Seoul, Oct 26 (IANS): The South Korean government will temporarily cut fuel taxes by 20 per cent starting next month to cope with inflation concerns amid rising oil prices, the chief policy maker of the ruling Democratic Party (DP) said on Tuesday.
Rep. Park Wan-joo, who heads the DP's policy planning committee, said the government and the ruling party have agreed to a plan to lower taxes on gasoline, diesel and liquefied petroleum gas (LPG) butane by 20 per cent, the largest-ever cut, for six months from November 12 this year to April 30, 2022, Yonhap News Agency reported.
"The government's previously planned a 15 per cent cut, but it accepted our proposal of 20 per cent cut at the meeting," Park said after a meeting with Finance Minister Hong Nam-ki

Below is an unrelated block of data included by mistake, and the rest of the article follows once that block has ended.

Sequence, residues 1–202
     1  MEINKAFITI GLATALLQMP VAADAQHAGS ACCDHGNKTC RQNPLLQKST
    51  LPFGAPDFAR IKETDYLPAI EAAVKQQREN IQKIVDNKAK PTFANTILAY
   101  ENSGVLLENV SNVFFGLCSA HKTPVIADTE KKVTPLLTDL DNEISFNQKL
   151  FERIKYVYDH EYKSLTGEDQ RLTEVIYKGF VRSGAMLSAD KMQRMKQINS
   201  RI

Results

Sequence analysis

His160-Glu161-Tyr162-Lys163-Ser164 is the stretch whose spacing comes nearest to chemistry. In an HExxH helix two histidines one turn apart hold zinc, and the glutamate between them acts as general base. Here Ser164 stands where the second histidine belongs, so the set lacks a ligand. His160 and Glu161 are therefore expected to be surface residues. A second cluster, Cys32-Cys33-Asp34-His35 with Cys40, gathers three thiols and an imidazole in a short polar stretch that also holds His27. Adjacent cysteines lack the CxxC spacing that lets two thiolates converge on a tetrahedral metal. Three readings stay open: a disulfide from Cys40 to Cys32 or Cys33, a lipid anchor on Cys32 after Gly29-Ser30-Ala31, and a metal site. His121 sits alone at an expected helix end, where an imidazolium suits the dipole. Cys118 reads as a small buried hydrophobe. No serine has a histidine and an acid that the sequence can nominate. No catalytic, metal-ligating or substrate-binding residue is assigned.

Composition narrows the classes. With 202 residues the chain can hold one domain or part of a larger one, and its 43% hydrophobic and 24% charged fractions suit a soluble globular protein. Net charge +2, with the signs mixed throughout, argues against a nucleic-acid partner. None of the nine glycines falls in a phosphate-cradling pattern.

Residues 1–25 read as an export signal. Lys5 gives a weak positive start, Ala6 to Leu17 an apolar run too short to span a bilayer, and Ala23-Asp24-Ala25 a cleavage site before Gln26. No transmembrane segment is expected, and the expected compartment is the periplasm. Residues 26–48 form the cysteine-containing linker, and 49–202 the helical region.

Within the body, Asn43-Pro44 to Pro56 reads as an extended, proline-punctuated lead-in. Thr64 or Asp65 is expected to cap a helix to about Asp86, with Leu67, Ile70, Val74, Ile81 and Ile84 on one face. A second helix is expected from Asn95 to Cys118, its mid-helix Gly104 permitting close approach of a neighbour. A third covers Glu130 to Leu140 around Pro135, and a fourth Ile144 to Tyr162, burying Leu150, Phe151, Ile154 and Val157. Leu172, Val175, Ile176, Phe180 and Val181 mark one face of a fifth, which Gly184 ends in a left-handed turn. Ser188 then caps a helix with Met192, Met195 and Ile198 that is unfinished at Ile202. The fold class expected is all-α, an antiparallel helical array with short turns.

Under that plan, gasoline prices will go down by 164 won ($0.14) per liter, while that of diesel will decrease 116 won per liter.
The government also agreed to impose zero tariffs on liquefied natural gas (LNG) over the same period, according to the ruling party.
South Korea currently charges 2 per cent tariffs on LNG imports.
At the meeting, Hong pointed out that gasoline prices recently hit the highest level in seven years at around 1,700 won and that the government will review such measures to help people.
He added the government is also looking to freeze public utility charges and stably manage the supply of agriculture and fishery products.
"The price growth pressure has been getting bigger recently," Hong said.
"In our case, we are still lower than advanced countries, but since it is directly related to people's lives, we cannot neglect the issue at any time."